Updated, 3:02 p.m.: Attorney for Trump lawyer Michael Cohen says Cohen performed secret legal work for Fox News commentator Sean Hannity, according to The Associated Press.
Donald Trump's personal lawyer, Michael Cohen, disclosed Monday that he's had 10 clients in his solo practice since 2017, including the president and GOP fundraiser Elliott Broidy, but the attorney declined to name eight other clients as he tries to fend off federal prosecutors who are seeking to dig through his records.
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Cohen's attorneys said he had three legal clients in the past year, including Trump, former Republican National Committee finance co-chair Broidy, and a third person who "indicated that they did not authorize their name to be publicly filed in connection with this matter and directed Mr. Cohen to appeal any order to disclose their name."
For the seven other clients, who Cohen's attorneys also did not name, "the work appears to be providing strategic advice and business consulting," his lawyers wrote in a filing made public Monday.
Cohen is scheduled to appear later Monday at a hearing to determine whether a judge will allow federal prosecutors to sift through materials the FBI seized from his home and office in a series of high-profile raids last week.
In an extraordinary showdown between a sitting president and his own Justice Department, Trump's attorneys have demanded to look at any materials relating to the president to consider whether they should be protected by attorney-client privilege. Federal prosecutors on Monday all but accused the president of seeking special treatment and urged the judge, Kimba Wood of the U.S. District Court for the Southern District of New York, to reject the unusual bid.
Cohen has come under scrutiny since he acknowledged paying $130,000 to adult film actress Stormy Daniels — who arrived at the court ahead of the hearing Monday — shortly before the 2016 election in exchange for her agreement to keep quiet about an alleged sexual encounter with Trump years earlier. The Wall Street Journal reported last week that Cohen also negotiated a deal in 2017 to pay $1.6 million to a woman who said Broidy impregnated her.
The FBI raids represented the clearest sign yet of legal trouble for Trump's inner circle and prompted outbursts from the president on social media.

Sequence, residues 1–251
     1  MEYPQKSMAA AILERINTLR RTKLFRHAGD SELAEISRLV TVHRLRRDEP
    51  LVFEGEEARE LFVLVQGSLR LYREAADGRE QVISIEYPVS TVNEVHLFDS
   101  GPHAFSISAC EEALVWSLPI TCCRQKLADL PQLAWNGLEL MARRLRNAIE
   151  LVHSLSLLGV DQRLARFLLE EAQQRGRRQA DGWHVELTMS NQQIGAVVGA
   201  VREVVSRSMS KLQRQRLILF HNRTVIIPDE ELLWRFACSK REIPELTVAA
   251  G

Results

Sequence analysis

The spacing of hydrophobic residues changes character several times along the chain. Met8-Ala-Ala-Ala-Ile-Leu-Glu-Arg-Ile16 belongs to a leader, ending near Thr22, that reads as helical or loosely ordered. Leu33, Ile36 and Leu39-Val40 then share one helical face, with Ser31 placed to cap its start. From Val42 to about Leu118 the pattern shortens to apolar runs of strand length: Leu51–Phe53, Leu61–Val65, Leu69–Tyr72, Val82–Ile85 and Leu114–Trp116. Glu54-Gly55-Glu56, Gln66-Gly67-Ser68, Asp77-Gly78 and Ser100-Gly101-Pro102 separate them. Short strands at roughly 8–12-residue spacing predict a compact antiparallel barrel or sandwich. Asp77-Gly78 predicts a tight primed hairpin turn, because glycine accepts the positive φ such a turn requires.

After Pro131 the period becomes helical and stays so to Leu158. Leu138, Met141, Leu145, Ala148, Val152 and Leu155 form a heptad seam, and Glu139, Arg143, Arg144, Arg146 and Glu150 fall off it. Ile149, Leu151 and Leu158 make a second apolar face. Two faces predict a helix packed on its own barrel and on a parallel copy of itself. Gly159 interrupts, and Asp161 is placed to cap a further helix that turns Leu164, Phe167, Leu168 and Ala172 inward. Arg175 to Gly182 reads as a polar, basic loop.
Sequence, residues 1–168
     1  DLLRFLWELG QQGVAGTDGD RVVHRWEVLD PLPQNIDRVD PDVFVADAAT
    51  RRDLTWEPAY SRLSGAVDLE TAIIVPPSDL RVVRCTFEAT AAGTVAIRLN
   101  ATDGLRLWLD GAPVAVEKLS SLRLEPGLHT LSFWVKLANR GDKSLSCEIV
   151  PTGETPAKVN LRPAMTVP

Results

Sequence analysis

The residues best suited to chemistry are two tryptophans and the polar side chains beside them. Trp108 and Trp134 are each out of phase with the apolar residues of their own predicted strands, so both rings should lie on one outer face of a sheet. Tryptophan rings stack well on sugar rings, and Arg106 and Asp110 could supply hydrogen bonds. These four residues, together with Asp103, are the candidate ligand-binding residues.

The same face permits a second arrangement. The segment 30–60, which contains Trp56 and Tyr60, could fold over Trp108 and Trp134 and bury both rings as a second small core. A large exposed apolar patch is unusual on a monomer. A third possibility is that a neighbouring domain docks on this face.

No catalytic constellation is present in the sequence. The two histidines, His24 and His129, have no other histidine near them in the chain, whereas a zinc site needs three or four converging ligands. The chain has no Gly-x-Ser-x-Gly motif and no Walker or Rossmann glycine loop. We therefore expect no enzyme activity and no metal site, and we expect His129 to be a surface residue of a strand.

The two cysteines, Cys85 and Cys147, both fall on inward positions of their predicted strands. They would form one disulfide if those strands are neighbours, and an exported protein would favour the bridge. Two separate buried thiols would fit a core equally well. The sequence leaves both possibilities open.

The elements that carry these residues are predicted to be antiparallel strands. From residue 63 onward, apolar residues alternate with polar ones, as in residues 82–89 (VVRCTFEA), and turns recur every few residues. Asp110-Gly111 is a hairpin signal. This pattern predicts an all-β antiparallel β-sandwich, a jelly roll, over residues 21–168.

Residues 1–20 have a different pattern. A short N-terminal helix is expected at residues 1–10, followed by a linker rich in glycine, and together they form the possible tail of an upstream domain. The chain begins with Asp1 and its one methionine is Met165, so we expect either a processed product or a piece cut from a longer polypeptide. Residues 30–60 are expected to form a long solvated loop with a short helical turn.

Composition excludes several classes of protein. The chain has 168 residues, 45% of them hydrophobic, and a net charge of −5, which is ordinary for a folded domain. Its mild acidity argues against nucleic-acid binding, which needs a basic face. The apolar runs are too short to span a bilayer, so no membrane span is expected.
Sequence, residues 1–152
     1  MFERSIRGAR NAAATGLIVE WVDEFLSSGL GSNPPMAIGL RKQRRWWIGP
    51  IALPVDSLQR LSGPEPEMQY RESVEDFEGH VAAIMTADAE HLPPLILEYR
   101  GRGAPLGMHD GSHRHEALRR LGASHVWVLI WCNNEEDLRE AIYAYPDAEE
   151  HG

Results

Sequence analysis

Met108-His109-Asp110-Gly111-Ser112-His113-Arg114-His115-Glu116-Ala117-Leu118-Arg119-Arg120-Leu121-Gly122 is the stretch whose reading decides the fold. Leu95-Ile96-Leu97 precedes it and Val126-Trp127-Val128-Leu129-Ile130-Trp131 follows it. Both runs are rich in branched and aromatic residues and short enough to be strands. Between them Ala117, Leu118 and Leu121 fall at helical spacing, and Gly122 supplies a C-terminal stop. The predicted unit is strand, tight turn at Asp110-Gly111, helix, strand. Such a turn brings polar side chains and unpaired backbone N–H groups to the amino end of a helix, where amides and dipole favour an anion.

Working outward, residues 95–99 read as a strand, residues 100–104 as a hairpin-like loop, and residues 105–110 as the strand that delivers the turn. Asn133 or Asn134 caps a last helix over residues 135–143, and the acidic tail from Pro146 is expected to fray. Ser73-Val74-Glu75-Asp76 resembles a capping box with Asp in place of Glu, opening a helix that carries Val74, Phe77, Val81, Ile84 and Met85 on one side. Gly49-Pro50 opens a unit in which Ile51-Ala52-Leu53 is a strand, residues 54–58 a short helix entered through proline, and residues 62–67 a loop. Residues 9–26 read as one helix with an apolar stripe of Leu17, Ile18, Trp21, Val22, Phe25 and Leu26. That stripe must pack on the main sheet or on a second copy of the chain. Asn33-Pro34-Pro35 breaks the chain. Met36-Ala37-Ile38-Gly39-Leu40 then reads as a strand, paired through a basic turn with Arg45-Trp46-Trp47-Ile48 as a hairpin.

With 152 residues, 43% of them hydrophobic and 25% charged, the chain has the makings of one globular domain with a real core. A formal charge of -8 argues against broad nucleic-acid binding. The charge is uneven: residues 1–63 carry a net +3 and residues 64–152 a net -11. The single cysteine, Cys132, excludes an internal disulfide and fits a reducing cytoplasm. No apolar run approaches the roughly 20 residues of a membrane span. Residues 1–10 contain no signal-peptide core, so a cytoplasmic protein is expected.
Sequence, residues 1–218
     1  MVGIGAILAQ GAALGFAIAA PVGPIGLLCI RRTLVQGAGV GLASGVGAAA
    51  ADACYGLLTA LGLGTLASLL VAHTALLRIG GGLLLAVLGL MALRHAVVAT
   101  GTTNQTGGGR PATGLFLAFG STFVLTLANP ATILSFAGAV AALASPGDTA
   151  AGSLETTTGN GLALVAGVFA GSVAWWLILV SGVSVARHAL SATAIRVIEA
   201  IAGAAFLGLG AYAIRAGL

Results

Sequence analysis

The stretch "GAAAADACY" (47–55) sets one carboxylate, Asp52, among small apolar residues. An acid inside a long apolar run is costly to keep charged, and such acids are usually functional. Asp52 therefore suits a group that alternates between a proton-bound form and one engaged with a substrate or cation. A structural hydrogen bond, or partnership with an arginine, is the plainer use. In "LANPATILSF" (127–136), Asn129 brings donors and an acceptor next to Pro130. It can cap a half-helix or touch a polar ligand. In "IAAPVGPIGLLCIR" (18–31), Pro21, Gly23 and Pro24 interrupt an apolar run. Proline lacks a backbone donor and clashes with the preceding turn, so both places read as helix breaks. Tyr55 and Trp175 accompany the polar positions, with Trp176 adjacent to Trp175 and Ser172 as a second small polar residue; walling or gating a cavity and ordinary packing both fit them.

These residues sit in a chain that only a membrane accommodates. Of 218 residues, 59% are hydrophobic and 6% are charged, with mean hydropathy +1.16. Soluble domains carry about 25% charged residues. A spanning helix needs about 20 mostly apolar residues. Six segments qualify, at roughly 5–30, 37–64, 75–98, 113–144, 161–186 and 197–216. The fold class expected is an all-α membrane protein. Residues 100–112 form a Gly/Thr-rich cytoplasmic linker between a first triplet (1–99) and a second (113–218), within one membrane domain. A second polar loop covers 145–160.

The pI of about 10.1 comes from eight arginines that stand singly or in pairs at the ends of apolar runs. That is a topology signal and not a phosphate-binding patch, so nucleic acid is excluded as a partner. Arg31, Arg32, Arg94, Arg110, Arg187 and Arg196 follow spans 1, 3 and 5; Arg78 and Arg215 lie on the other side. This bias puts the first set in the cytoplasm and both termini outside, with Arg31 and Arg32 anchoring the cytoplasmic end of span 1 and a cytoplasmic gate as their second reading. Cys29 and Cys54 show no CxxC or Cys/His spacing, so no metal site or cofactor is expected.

Prosecutors from the U.S. attorney's office in Manhattan say they can address concerns about attorney-client privilege by using a special team to seek out privileged information and prevent it from reaching those investigating Cohen.
Cohen's attorneys argued last week that there were "thousands if not millions" of privileged documents among the materials seized in the FBI raids. In a filing Sunday night, Trump's attorneys called the seizure of files from Cohen's home, office and hotel room "disquieting to lawyers, clients, citizens and commentators alike."
Federal prosecutors from the U.S. attorney's office in Manhattan responded that letting Trump's team review the files first would "mark a serious departure from the accepted, normal practices of this District."
"The appearance of fairness and justice requires not that the President be entitled to different treatment, but that the common procedure of a Filter Team be followed in the normal course," the prosecutors wrote to Wood on Monday.
Cohen's attorneys said he did not want to disclose the eight unnamed clients, saying it could be "embarrassing" for those involved and would violate attorney-client confidentiality.
"Following the raid of Mr. Cohen’s office and residences, there has been a deluge of press," Cohen's lawyers Todd Harrison and Stephen Ryan wrote. "It almost goes without saying, unfortunately, that none of Mr. Cohen's clients want to be associated with the government raid on his home and law office, or want to be affiliated in any way with the proceedings here and the attendant media coverage."
In addition to the 10 clients at his solo practice, the letter said Cohen referred five clients to a law firm with which he had a "strategic relationship" starting in March 2017. The law firm was not named, but Cohen teamed up last spring with Squire Patton Boggs. The firm said last week it had split with Cohen but that it had been in touch with federal investigators about a warrant related to him.